A new temporary “feminist” sculpture installed in the National Mall in Washington, DC, appears to have accomplished a triple feat, somehow managing not to do justice to art, trees, or women’s history.
Sponsored by the National Women’s History Museum (NWHM) in partnership with the Women Connect 4 Good Foundation, “DENDROFEMONOLOGY: A Feminist History Tree Ring” by artist Tiffany Shlain stands facing the Lincoln Memorial. The four-day installation is a 65-inch cross-section of a fallen Deodar cedar (meaning no trees were harmed, thankfully) demarcated in the olde-tyme style of national park monuments that chart out the progression of human history against the time logged in the rings of the tree.
The work “takes a long 50,000-year view of feminist history and distills it into the lines on a tree ring,” Shlain explained in a press event for the sculpture’s unveiling, which included speeches by actors and activists Padma Lakshmi and TV Wonder Woman’s Lynda Carter.
This “long view” offers roughly 30 highlights of women’s history, starting in 50,000 BCE with the line “Goddesses are worshiped” and ending with “Today.” I did not view the sculpture in person, and working from press images one hesitates to approach this so-called monument in earnest because it is clear at a glance that “dendrofemenology” is a lot like “girl math” — in the sense that it’s sort of cute and relatable in a very basic way and fundamentally doesn’t make much sense.
Though its contributions to the feminist cause is debatable, it’s actually more difficult to decide if this effort leaves more to be desired in terms of dendrology (the scientific study of trees), history, or sculpture. For example, “Today” appears about a third of the radius in from the bark line, even though the youngest ring of the tree, the year it was cut down, is the one directly beneath the bark line. Perhaps this suggests that the future is not yet written and that young women of today have plenty of room to add their own achievements to the glorious legacy of our history, including milestones such as “3100 BCE: Literacy develops and the seeds of patriarchy spread,” or “1450–1918: 50,000 women tortured and executed as witches across Europe and America.” Welcome to the sisterhood!
Tree rings have value both as hard scientific data — for example, environmental scientists can chart things like fires and droughts by the growth of a given ring — and as a metaphor for time on a non-human scale. “DENDROFEMONOLOGY” eschews both these possibilities, offering vague facts that still seem to have a lot to do with patriarchy, and not really following the actual lifespan of the majestic Deodar cedar, who did not ask for this.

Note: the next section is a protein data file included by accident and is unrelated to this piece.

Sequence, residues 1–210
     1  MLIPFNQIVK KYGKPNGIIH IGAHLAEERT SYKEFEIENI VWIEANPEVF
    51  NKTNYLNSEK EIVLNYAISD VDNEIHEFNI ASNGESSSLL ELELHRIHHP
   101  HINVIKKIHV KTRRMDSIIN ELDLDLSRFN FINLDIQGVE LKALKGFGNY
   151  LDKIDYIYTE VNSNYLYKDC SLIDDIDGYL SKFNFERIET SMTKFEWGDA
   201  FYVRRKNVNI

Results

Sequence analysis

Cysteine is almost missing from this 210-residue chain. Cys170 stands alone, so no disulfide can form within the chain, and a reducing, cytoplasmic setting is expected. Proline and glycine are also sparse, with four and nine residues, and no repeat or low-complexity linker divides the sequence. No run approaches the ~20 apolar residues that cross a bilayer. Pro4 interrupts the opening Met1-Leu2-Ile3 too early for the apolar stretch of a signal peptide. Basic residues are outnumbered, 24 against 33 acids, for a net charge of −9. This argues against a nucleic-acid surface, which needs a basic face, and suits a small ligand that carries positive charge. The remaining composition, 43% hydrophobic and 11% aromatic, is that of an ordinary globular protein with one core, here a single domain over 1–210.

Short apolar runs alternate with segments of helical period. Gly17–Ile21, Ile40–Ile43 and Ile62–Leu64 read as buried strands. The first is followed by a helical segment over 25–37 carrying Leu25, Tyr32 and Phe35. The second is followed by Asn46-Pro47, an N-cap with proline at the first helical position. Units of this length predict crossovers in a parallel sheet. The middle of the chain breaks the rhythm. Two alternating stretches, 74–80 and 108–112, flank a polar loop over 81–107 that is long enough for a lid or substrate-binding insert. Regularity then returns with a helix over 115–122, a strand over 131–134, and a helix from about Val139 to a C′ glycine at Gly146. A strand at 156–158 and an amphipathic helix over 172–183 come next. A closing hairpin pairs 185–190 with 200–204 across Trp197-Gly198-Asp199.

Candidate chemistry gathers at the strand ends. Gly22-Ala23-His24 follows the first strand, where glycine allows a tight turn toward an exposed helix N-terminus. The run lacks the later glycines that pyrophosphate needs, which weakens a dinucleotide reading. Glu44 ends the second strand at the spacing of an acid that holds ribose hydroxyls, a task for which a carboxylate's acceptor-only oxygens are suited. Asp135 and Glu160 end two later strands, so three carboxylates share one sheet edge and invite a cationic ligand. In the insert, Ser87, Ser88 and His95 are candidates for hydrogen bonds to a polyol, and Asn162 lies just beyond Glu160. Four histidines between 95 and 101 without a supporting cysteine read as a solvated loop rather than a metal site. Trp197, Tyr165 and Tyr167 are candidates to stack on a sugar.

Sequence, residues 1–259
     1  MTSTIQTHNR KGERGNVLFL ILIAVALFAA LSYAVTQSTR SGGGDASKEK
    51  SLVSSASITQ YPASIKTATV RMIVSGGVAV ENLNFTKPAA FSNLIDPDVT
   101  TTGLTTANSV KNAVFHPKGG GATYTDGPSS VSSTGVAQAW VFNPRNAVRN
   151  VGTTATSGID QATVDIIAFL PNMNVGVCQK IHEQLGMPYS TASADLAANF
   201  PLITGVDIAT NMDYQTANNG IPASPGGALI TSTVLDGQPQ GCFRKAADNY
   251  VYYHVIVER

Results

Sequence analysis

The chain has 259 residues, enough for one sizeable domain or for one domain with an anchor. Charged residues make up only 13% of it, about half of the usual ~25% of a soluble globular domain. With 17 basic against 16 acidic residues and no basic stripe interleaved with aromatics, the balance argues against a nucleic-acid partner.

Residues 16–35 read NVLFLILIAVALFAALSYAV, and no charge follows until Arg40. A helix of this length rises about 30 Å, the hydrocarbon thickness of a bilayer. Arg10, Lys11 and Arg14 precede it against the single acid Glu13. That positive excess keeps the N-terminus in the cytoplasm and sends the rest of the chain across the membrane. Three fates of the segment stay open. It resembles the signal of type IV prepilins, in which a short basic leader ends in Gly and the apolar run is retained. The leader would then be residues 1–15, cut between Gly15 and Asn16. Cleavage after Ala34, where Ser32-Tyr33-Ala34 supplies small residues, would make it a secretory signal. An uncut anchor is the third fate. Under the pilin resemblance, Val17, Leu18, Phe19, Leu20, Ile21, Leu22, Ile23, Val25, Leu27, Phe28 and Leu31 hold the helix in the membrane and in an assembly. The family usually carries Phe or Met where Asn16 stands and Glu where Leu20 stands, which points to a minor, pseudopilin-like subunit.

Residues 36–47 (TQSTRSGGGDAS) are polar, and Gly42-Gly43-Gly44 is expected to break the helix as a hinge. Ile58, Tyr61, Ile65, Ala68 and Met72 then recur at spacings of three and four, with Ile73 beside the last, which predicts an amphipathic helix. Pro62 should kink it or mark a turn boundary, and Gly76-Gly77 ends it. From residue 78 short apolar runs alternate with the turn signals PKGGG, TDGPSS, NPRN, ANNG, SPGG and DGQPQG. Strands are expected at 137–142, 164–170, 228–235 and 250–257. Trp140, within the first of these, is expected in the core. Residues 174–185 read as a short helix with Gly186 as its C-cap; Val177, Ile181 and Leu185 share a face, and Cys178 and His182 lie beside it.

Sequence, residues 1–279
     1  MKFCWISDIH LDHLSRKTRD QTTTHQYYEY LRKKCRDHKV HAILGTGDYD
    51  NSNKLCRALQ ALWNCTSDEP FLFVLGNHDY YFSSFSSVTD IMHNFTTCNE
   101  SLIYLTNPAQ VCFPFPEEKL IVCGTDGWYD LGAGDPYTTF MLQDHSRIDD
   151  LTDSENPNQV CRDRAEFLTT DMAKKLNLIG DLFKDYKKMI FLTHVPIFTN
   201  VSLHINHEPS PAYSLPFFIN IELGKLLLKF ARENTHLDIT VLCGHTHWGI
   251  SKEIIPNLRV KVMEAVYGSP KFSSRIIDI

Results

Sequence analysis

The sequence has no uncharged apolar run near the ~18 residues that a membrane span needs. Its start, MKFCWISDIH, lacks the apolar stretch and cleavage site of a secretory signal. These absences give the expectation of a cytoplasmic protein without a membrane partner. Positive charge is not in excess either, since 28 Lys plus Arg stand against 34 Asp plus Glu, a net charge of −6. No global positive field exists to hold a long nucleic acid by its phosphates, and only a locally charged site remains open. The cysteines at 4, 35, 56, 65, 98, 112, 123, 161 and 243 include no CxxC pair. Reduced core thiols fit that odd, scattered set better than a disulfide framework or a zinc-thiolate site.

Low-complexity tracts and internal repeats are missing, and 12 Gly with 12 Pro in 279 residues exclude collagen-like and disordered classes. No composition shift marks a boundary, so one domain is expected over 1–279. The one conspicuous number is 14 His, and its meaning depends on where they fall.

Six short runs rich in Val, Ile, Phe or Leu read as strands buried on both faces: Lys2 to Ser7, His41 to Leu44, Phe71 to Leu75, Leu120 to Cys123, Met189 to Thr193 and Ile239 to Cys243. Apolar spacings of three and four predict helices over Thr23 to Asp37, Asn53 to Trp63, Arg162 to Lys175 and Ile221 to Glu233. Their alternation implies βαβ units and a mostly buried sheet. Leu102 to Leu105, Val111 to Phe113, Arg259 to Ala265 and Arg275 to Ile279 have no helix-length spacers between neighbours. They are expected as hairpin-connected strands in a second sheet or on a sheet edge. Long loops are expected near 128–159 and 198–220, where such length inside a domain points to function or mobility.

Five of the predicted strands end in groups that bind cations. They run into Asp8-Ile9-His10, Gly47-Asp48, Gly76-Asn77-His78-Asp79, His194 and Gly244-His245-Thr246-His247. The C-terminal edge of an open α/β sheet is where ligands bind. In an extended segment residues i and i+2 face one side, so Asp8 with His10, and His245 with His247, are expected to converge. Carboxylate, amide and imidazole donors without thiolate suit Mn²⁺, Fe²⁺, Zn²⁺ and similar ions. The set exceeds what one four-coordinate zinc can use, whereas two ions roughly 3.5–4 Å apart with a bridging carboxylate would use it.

When asked about her approach for this work, the artist said that she was “taking artistic license” rather than “tracing a linear timeline.”
“This is an artwork meant to challenge conventional wisdom,” Shalin said. “I want viewers to reconsider how history has been presented in this country. Positioning my work between the Lincoln memorial and the Washington monument, I aim to raise awareness about women’s history that has so often been neglected in our nation’s capital.”
It’s undeniable that, in terms of our system of governance, women’s rights are being treated abysmally, and the artist’s overall message is both important and commendable. It’s just a shame that it’s conveyed in the form of what can only be described as log art. And I say this as a woman, a feminist, a fellow native of Muir Woods-adjacent California, and a person who literally cannot pull over fast enough to admire a roadside stand featuring chainsaw sculptures: It is not good log art.
Let’s agree that however sincere her intentions, Shlain started with the impossible premise of somehow distilling tens of thousands of years’ worth of history into 30 milestones etched into a tree, making her party to the most senseless decorating of a big, dead tree since at least last Christmas season. Is it the greatest crime against humanity, women specifically, or even trees? No. Does it smack of a design that tries to do so much that it ends up saying nothing at all? Yes.